History Of C.L.I.A.

openingcermThe Clandestine Laboratory Investigators Association, Inc. began with a conference sponsored by the Rocky Mountain Information Network (RMIN) held in Reno, Nevada in 1987. The original purpose was to see if there was any interest in clandestine lab training, and if there was any interest in forming an organization of clan lab investigators. That conference was a success and another was scheduled for 1988 in Las Vegas, Nevada. The conference was once again sponsored by RMIN and a meeting was held for those that were interested in becoming a formal organization. Throughout that week meetings were held and at the end of the week, the CLANDESTINE LABORATORY INVESTIGATORS ASSOCIATION (CLIA) was officially formed and a Board of Directors was appointed. The first President of the Association was Lee Osborne of the South Lake Tahoe Drug Task Force. At this original meeting, a total of 13 western states were represented. In 1989, the conference was held in Salt Lake City, Utah, and Paul Pearce of the Camas, Washington Police Department was appointed President. The 1990 conference was held in Portland, Oregon and on to Boise, Idaho in 1991. It was also in 1991 that our Association with the Drug Enforcement Administration began. The DEA was officially invited to participate on the Board of Directors. Since that time, we have had representation from the DEA Headquarters on the Board of Directors. The CLIA was also contacted by the United States Senator Joseph Biden to provide testimony for a Senate Subcommittee Hearing on clandestine drug labs and environmental issues. President Paul Pearce traveled to Washington D.C. and testified before this subcommittee.

In 1992, the Annual Conference was once again held in Salt Lake City, Utah. This was the first year that the DEA provided Recertification Training with representatives of the Clan Lab Training Unit out of Quantico, Virginia. The DEA has provided this training for the Association every year since then. It was also in 1992 that the Association was asked for input regarding the Chemical Control Amendments Act of 1992 by Senator Slade Gorton of Washington. The Association corresponded with Senator Gorton in support of this legislation. In 1993 the conference was held in Las Vegas, Nevada. It was at this meeting that the Executive Board was established from the Board of Directors to run the day-to-day operations of the Association.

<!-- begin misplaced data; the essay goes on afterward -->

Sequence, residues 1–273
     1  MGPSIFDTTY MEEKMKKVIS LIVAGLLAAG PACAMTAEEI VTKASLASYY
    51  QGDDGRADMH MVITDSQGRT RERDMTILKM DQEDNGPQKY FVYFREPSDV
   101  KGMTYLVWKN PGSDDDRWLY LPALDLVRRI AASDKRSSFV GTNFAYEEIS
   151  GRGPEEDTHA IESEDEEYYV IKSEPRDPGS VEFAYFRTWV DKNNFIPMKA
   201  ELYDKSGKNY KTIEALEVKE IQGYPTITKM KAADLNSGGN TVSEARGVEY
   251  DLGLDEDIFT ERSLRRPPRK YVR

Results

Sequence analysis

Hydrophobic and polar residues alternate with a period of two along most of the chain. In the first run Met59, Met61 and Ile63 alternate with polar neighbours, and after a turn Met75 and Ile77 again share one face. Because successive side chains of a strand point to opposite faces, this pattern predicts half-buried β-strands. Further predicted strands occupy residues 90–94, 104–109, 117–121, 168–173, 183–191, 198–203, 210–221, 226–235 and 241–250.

In 1994 the CLIA went international. The Annual Conference was held in Edmonton, Alberta, Canada and we had representatives in attendance from the United States, Canada, England, Holland, Belgium, Poland, Germany, Italy, South Africa, Columbia, Argentina, Thailand, and Australia. It was also in 1994 that the CLIA developed a 40-hour Clandestine Laboratory Safety Certification course and began offering it to departments throughout the country. Since then, we have provided this course to agencies in Nevada, Utah, Wyoming, Colorado, Hawaii, Iowa and Nebraska. CLIA also developed courses in lab recognition, 24-hour first responder, and 8-hour lab supervision courses that comply with the guidelines set by OSHA for responding to clandestine laboratories. CLIA has provided these courses to agencies in Alaska, Ohio, Arkansas, New Mexico, Colorado, Nevada and Iowa.